How These Trends Make Computing Better

  • Containers Become Mainstream: Application containerization is more than just a new buzz-word in cloud computing; it is changing the way in which resources are deployed into the cloud. More and more companies utilized containers in 2018. This is another trend that will continue into 2019 and beyond. How it Optimizes: at a development level, containerization allows applications to be developed and deployed faster than ever before. If used efficiently, they can also result in a lower cloud bill.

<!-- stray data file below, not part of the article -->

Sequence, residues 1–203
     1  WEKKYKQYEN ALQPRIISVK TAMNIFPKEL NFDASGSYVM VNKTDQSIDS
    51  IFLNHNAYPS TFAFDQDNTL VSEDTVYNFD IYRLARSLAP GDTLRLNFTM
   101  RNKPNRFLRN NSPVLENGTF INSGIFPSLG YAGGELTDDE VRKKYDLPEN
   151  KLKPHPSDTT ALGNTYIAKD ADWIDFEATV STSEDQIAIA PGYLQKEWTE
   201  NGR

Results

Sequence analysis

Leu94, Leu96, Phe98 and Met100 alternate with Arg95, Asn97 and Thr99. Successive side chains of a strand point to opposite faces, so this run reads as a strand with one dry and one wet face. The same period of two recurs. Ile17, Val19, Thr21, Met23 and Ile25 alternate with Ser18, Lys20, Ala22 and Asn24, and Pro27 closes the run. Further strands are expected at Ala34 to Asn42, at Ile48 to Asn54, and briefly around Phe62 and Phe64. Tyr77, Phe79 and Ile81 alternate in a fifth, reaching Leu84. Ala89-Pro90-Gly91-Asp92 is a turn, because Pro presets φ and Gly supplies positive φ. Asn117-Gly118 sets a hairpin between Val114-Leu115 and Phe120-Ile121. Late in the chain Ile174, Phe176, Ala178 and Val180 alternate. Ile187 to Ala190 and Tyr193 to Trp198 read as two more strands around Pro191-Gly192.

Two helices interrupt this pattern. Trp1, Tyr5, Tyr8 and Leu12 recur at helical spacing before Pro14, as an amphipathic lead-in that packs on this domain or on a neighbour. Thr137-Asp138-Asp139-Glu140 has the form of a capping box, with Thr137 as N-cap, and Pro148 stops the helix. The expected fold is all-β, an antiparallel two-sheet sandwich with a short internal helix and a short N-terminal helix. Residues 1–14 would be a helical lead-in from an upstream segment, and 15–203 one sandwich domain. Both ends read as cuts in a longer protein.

• Multi-Cloud and Hybrid Cloud: Once predicted as the future, the time of multi-cloud and hybrid cloud has arrived and will continue to grow. Most enterprises (74 percent) described their strategy as hybrid/multi-cloud in 2018. In addition, 62 percent of public cloud adopters are using 2+ unique cloud environments/platforms. These numbers will only go up in 2019. While this offers plenty of advantages to organizations looking to benefit from different cloud capabilities, using more than one CSP complicates governance, cost optimization, and cloud management further as native CSP tools are not multi-cloud. As cloud computing costs remain a primary concern, it’s crucial for organizations to stay ahead with insight into cloud usage trends to manage spend (and prevent waste). How it Optimizes: it’s a complex problem, but we do see many organizations adopting a multi-cloud strategy with cost control in mind, as it avoids vendor lock-in and allows flexibility for deploying workloads in the most cost-efficient manner (and at a high level, keeps the cloud providers competitive against each other to continually lower prices).